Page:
First subdural hematoma after Imatinib mesylate

Imatinib mesylate, a tyrosine kinase inhibitor of platelet derived growth factor receptor-alpha and -beta, c-fms, c-kit, abl and arg kinase (imatinib targets), has been shown to prevent tumor progression in early studies of recurrent gliomas, but has shown weak activity in randomized controlled trials.
Responses to imatinib observed in patients where imatinib inhibitable tyrosine kinases were documented on the original biopsy are marginally better than that previously reported in imatinib treatment of unselected recurrent glioblastoma patients. Hassler et al. present a suggestion for defining a patient sub-population who might potentially benefit from imatinib 1).
It is used in chronic myeloid leukemia (CML) treatment. Imatinib has contributed to complete and prolong cytogenetic responses so that it is now the standard treatment of CML.
Recently, Imatinib mesylate has shown a significantly prolonged progression-free survival and overall survival in metastatic and locally advanced c-Kit positive gastro-intestinal stromal tumors (GISTs) and more recently a prolonged disease-free survival in operated high risk GIST.
In case of locally advanced or metastatic chordomas, medical treatment is frequently discussed. While chemotherapy is ineffective, it would appear that some molecular targeted therapies, in particular imatinib, could slow down the tumor growth in case-reports, retrospective series, and phase I or II trials. Nineteen publications, between January 1990 and September 2014, have been found describing the activity of these targeted therapies. A systematic analysis of these publications shows that the best objective response with targeted therapies was stabilization in 52 to 69% of chordomas. Given the indolent course of advanced chordoma and because of the absence of randomized trial, the level of evidence to treat chordomas with molecular therapy is low (level III), whatever the drug. Furthermore, we could not draw firm conclusion on the activity of imatinib. Other putative targets have also been described. Therefore, further clinical trials are expected, especially with these targets. Nevertheless, it seems essential, in those future studies, to consider the naturally slow course of the disease 2).
Neurodegeneration can be prevented by imatinib mesylate (Gleevec or STI571) that regulates c-Abl tyrosine kinases, which elicit protective effects in neurodegenerative disease models. However, the protective effect of STI571 against prion disease remains unknown. In the present study, the effect of STI571 on prion peptide-induced neuronal death was investigated. Results showed that STI571 rescued neurons from PrP106-126-induced neurotoxicity by preventing mitochondrial dysfunction. STI571-inhibited c-Abl tyrosine kinases prevented PrP106-126-induced reduction in mitochondrial potential, Bax translocation to the mitochondria and cytochrome c release. The protective effect of STI571 against mitochondrial dysfunction was related to the activation of BIM expression. This study is the first to demonstrate the protective effect of STI571 against prion-mediated neurotoxicity. Our results suggested that imatinib mesylate treatment may be a novel therapeutic strategy to treat prion-mediated neurotoxicity 3).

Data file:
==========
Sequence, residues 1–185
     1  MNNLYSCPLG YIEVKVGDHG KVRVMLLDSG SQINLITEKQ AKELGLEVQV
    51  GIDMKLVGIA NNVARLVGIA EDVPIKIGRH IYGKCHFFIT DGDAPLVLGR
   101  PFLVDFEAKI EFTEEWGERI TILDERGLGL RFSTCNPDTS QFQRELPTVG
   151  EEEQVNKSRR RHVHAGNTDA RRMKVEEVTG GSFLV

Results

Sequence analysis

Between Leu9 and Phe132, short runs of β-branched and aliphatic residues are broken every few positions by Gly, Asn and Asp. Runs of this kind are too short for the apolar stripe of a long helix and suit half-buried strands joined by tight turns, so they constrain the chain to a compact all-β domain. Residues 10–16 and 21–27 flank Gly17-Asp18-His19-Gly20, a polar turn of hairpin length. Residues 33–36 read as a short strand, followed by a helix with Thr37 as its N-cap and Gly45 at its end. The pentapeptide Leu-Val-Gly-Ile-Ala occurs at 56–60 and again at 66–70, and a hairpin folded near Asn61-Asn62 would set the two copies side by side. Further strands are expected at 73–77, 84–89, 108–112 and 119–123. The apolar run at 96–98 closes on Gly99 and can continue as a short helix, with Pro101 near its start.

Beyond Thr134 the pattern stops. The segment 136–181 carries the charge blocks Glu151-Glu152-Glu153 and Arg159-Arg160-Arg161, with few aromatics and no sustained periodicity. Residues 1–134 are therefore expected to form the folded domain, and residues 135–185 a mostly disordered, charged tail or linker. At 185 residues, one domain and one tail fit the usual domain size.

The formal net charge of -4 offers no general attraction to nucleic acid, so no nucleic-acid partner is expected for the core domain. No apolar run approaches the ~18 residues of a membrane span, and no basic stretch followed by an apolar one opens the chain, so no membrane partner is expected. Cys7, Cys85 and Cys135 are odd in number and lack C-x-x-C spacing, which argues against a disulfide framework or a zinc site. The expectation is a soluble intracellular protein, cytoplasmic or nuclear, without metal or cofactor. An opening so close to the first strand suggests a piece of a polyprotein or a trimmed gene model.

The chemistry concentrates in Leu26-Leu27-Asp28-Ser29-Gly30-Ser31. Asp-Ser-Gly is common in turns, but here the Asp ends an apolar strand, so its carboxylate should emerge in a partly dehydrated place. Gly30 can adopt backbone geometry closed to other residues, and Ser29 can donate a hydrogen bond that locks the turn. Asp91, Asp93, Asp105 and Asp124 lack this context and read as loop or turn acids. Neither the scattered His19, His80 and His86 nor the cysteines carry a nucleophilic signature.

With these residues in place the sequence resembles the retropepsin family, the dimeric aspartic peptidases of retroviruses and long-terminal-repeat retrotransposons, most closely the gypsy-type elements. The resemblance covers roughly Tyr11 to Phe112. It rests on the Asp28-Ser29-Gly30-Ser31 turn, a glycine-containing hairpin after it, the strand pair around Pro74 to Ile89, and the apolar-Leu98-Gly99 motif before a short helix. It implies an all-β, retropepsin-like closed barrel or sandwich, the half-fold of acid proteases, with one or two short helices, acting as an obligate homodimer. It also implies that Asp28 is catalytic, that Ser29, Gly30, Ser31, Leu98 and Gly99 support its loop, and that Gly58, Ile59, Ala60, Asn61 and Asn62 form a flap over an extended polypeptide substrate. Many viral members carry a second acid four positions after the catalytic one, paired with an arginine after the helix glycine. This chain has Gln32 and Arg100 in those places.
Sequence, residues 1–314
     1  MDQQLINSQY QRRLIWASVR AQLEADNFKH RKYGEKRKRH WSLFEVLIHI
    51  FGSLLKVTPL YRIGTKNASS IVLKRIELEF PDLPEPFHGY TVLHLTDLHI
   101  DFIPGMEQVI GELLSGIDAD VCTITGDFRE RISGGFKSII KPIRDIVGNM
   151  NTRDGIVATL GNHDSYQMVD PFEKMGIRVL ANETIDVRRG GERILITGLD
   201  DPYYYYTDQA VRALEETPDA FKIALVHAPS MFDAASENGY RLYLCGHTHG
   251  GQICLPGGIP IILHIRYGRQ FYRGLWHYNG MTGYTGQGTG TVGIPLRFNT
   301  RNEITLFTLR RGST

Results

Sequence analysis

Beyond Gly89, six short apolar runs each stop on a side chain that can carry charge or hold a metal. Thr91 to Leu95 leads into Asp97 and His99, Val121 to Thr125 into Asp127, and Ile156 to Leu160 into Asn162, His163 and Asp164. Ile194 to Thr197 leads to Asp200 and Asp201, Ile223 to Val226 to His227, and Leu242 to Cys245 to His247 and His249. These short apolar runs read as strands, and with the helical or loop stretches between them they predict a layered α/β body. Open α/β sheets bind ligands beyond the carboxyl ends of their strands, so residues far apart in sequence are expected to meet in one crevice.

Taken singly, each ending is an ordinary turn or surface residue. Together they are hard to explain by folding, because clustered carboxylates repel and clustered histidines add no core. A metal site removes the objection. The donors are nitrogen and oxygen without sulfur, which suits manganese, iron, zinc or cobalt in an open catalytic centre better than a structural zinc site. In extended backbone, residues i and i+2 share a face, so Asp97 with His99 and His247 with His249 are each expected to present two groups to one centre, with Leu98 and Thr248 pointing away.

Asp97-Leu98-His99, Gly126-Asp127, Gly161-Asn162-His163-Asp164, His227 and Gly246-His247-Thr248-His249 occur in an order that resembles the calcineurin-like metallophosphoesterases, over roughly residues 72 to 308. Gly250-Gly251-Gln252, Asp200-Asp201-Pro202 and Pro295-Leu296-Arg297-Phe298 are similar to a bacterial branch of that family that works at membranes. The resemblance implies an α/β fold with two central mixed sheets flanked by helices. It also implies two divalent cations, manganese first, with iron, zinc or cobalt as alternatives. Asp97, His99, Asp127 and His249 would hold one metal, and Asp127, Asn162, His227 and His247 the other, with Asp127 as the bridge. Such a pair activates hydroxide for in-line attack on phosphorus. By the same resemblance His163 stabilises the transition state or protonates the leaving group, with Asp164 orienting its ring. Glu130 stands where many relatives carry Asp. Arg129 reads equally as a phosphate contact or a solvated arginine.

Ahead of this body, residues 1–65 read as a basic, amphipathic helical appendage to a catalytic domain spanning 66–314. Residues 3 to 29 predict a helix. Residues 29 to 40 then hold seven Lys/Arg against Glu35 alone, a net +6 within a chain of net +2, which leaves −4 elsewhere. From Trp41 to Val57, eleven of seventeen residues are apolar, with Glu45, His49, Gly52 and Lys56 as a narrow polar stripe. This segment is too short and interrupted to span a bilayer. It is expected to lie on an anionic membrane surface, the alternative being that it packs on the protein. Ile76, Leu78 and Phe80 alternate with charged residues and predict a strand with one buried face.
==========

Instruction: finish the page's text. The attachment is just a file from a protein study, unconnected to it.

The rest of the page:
Complications

Imatinib is a well tolerated treatment with few side effects mainly gastro-intestinal symptoms (nausea, vomiting and diarrhea), headaches, rash and periorbital edema. Hemorrhage incidents are rare in patients treated with Imatinib. They are more frequently seen in CML patients. Hemorrhage incidents in CML include in many cases upper gastro-intestinal (GI) tract bleeding and central nervous system bleeding in rare ones. In GIST patients treated with Imatinib, hemorrhage incidents are exclusively made of upper GI tract bleeding consecutive to tumor perforation or necrosis. In our observation, we present the case of a subdural hematoma occurring in a patient treated with adjuvant Imatinib for a high risk localized gastric GIST. No other case of subdural hematoma in GIST treated with Imatinib has been reported in literature 4).
1) Hassler MR, Vedadinejad M, Flechl B, Haberler C, Preusser M, Hainfellner JA, Wöhrer A, Dieckmann KU, Rössler K, Kast R, Marosi C. Response to imatinib as a function of target kinase expression in recurrent glioblastoma. Springerplus. 2014 Feb 25;3:111. doi: 10.1186/2193-1801-3-111. eCollection 2014. PubMed PMID: 25674429; PubMed Central PMCID: PMC4320134.
2) Lebellec L, Aubert S, Zaïri F, Ryckewaert T, Chauffert B, Penel N. Molecular targeted therapies in advanced or metastatic chordoma patients: Facts and hypotheses. Crit Rev Oncol Hematol. 2015 Jan 30. pii: S1040-8428(15)00013-X. doi: 10.1016/j.critrevonc.2015.01.010. [Epub ahead of print] Review. PubMed PMID: 25682222.
3) Pan Y, Sun L, Wang J, Fu W, Fu Y, Wang J, Tong Y, Pan B. STI571 protects neuronal cells from neurotoxic prion protein fragment-induced apoptosis. Neuropharmacology. 2015 Feb 11. pii: S0028-3908(15)00045-3. doi: 10.1016/j.neuropharm.2015.01.029. [Epub ahead of print] PubMed PMID: 25681617.
4) Feki J, Marrekchi G, Boudawara T, Rekik N, Maatouq S, Boudawara Z, Frikha M. Subdural hematoma during therapy of gastro-intestinal stromal tumor (GIST) with Imatinib mesylate. Gulf J Oncolog. 2015 Jan;1(17):92-95. PubMed PMID: 25682460.